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Historical reconstruction of sturgeon (Acipenser spp.) spatiotemporal distribution and causes for their decline in North-Western Europe
Brevé, N.W.P.; Nagelkerke, L.A.J.; Buijse, A.D.; van Tuijn, T.J.; Murk, A.J.; Winter, H.V.; Lenders, H.J.R. (2022). Historical reconstruction of sturgeon (Acipenser spp.) spatiotemporal distribution and causes for their decline in North-Western Europe. Biodivers. Conserv. 31(4): 1149-1173.
Peer reviewed article  

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    Acipenser Linnaeus, 1758 [WoRMS]

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  • Brevé, N.W.P.
  • Nagelkerke, L.A.J., meer
  • Buijse, A.D.
  • van Tuijn, T.J.
  • Murk, A.J.
  • Winter, H.V.
  • Lenders, H.J.R.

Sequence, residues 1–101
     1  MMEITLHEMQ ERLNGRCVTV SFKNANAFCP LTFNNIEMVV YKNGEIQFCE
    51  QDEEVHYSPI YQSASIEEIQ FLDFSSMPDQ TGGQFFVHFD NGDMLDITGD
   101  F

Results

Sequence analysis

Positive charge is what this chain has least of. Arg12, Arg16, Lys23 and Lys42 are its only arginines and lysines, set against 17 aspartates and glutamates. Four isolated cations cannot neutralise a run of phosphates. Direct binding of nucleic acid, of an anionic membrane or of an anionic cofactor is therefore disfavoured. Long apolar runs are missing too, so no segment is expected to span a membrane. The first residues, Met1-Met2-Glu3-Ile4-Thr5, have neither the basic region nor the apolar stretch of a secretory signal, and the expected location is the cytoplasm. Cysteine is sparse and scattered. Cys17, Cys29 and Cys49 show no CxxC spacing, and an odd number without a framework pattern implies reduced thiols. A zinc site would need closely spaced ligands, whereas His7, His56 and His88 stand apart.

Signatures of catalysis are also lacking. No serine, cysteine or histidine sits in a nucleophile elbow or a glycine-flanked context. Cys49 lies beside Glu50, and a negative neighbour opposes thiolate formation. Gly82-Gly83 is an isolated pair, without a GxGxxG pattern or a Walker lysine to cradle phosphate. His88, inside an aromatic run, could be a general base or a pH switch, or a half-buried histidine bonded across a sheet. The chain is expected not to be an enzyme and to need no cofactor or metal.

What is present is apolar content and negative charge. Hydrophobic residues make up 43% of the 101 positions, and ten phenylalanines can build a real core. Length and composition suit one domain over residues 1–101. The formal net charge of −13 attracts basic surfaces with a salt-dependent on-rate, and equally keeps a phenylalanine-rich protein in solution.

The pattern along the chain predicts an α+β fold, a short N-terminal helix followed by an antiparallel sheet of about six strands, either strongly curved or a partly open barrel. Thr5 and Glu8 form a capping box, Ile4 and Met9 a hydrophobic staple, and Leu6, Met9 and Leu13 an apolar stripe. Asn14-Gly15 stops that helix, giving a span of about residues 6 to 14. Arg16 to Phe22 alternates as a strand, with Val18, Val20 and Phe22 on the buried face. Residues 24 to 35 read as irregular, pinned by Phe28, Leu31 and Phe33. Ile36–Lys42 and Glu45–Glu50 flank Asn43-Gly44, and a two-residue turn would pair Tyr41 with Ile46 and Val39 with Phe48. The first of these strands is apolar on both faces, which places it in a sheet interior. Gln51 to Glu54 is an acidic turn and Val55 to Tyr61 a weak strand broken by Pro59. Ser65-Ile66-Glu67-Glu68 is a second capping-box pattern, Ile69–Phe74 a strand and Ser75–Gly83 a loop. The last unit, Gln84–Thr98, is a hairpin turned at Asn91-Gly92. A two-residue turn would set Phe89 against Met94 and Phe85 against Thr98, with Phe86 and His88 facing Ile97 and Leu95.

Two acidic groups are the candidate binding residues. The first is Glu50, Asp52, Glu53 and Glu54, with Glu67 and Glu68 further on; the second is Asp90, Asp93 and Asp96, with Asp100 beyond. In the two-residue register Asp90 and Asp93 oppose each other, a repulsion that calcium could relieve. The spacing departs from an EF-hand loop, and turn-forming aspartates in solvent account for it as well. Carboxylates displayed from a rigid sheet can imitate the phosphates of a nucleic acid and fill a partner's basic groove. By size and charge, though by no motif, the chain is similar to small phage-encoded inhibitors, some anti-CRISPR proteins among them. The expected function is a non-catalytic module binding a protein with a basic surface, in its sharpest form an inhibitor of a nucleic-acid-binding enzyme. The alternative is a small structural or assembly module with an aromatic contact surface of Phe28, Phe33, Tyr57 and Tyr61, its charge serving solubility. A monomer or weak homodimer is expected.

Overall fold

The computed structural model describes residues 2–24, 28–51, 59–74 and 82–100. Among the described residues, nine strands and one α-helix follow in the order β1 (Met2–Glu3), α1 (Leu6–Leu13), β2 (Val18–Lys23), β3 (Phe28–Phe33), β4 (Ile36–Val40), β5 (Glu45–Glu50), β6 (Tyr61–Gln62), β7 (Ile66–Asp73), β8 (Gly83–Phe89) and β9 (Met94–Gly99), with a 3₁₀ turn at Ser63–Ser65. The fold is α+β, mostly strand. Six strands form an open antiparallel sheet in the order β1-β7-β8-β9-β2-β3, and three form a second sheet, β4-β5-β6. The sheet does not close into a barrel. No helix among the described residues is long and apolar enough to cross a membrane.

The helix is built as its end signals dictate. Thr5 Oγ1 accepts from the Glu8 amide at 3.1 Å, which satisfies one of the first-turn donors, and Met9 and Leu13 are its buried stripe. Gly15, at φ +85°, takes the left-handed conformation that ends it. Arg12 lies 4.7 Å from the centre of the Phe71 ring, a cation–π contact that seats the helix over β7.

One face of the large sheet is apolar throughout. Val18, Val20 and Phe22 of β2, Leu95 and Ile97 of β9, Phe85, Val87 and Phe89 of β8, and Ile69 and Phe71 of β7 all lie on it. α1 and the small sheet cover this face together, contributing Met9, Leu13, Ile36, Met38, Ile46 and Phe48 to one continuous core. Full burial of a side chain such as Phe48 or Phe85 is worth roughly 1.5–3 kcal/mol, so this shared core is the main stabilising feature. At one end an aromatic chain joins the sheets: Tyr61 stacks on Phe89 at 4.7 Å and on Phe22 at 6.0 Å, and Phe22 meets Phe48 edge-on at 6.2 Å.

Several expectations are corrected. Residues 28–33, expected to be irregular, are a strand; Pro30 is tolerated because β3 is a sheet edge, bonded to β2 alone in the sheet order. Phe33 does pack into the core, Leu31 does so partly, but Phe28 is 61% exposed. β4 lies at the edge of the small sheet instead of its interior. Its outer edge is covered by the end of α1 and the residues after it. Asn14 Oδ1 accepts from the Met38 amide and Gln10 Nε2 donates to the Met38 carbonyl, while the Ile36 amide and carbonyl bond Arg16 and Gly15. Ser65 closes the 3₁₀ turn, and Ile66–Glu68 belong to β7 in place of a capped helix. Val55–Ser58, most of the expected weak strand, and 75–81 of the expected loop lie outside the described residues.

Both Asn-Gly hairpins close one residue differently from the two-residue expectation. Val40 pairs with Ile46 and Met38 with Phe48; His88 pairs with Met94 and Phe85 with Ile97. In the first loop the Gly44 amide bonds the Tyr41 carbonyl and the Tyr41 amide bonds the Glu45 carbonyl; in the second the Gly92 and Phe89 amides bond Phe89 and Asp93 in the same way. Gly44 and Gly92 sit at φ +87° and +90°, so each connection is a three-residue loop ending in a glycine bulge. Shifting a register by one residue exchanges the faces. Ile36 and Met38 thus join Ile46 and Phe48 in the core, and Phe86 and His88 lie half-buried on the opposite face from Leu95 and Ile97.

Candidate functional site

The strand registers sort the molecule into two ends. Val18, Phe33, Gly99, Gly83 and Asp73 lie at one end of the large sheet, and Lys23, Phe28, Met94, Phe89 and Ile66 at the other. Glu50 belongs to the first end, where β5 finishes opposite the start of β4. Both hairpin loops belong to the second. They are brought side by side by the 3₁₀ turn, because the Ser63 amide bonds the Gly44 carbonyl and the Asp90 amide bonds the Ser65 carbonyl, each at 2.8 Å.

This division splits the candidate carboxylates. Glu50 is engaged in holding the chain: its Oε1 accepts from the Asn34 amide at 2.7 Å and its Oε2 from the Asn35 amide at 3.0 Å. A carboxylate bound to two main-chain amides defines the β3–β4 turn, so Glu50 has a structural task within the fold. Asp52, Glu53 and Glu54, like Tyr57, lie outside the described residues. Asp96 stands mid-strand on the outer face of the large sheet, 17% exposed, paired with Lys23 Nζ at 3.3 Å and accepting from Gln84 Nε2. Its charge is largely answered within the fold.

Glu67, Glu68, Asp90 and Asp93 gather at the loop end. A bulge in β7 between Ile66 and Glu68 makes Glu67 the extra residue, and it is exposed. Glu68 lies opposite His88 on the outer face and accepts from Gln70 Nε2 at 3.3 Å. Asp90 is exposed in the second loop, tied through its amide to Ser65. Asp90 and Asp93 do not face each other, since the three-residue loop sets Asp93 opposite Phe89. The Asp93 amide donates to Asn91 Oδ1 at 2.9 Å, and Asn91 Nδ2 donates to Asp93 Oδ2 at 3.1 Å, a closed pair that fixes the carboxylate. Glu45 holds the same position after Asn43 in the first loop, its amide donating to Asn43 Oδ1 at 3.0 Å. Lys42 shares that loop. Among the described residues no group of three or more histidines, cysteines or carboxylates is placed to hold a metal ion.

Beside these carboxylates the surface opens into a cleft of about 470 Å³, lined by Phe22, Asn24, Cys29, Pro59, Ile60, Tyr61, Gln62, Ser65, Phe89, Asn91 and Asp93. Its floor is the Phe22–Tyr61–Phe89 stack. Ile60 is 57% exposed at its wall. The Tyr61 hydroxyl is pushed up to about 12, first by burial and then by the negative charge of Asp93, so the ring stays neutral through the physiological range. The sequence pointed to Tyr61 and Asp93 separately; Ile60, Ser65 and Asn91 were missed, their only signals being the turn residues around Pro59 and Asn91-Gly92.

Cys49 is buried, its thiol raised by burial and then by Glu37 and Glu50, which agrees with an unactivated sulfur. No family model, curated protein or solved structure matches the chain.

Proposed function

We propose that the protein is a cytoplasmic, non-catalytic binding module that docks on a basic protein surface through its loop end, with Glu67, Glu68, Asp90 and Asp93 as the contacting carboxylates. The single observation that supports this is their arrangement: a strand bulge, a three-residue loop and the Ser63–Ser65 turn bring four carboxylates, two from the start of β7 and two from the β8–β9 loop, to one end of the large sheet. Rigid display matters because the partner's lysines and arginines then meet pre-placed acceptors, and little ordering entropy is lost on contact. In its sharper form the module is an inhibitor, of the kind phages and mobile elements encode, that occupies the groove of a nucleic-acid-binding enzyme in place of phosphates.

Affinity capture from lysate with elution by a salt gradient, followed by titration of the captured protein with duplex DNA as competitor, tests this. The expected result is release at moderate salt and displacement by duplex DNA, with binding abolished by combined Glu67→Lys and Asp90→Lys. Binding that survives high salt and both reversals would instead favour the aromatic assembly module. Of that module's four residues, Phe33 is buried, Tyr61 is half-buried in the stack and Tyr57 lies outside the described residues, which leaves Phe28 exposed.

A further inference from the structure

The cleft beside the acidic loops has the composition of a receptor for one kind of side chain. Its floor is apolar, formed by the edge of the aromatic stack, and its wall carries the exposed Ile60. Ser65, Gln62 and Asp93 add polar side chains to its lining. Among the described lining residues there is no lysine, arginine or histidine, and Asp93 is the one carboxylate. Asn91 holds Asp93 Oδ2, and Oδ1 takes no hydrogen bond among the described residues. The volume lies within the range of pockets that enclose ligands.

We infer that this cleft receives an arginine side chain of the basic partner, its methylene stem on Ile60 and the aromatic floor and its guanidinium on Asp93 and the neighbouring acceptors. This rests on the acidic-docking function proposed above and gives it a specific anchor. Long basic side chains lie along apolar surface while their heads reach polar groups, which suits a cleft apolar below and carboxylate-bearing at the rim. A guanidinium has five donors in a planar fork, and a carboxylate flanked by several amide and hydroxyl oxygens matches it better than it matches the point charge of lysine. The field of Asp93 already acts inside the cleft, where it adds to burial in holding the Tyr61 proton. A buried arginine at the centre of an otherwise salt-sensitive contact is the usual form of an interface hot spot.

This study aims to reconstruct the historical spatiotemporal distribution of the anadromous sturgeons, Acipenser sturio and A. oxyrinchus, in NW-Europe (especially in the Rhine, Meuse, Scheldt, and Ems rivers, and in the North Sea), in light of evaluating the possibilities for their reintroduction. It is based on fisheries data from the 14th–twentieth century, consisting of > 5000 records of sturgeon landings and sales (c. 40,000 specimens) from the Netherlands, Belgium, Germany, Luxemburg, France and Switzerland. Most data originate from fisheries in the Rhine-Meuse delta (c. 28,000 specimens, 98% of the Rhine catches). Further upstream, far fewer sturgeons (c. 600 specimens) were reported from the Rhine’s mainstem and its principal tributaries, Mosel, Neckar and Main. Smaller tributaries and the Ems, Meuse, and Scheldt rivers seldom yielded sturgeons. This spatial pattern can be related to the species’ preference for large-river habitat, combined with fisheries activities that were most intensive in the delta areas. Sturgeon catches began to dwindle in the late nineteenth century, at a time when river engineering first strongly affected the sturgeon’s reproductive habitats in the Lower Rhine and delta areas. Also from then onwards, North Sea fishery pressure increased, as trawlers switched from sail to steam-powered propulsion. These sea fisheries harvested all age-classes of sturgeons year-round, including populations from other European rivers. The outcomes strongly suggest that NW-European sturgeon populations were initially impacted by intensive river fisheries, but especially by destruction of reproductive habitat, due to river regulation, and an intensified North Sea fishery, ultimately resulting in total population collapse.

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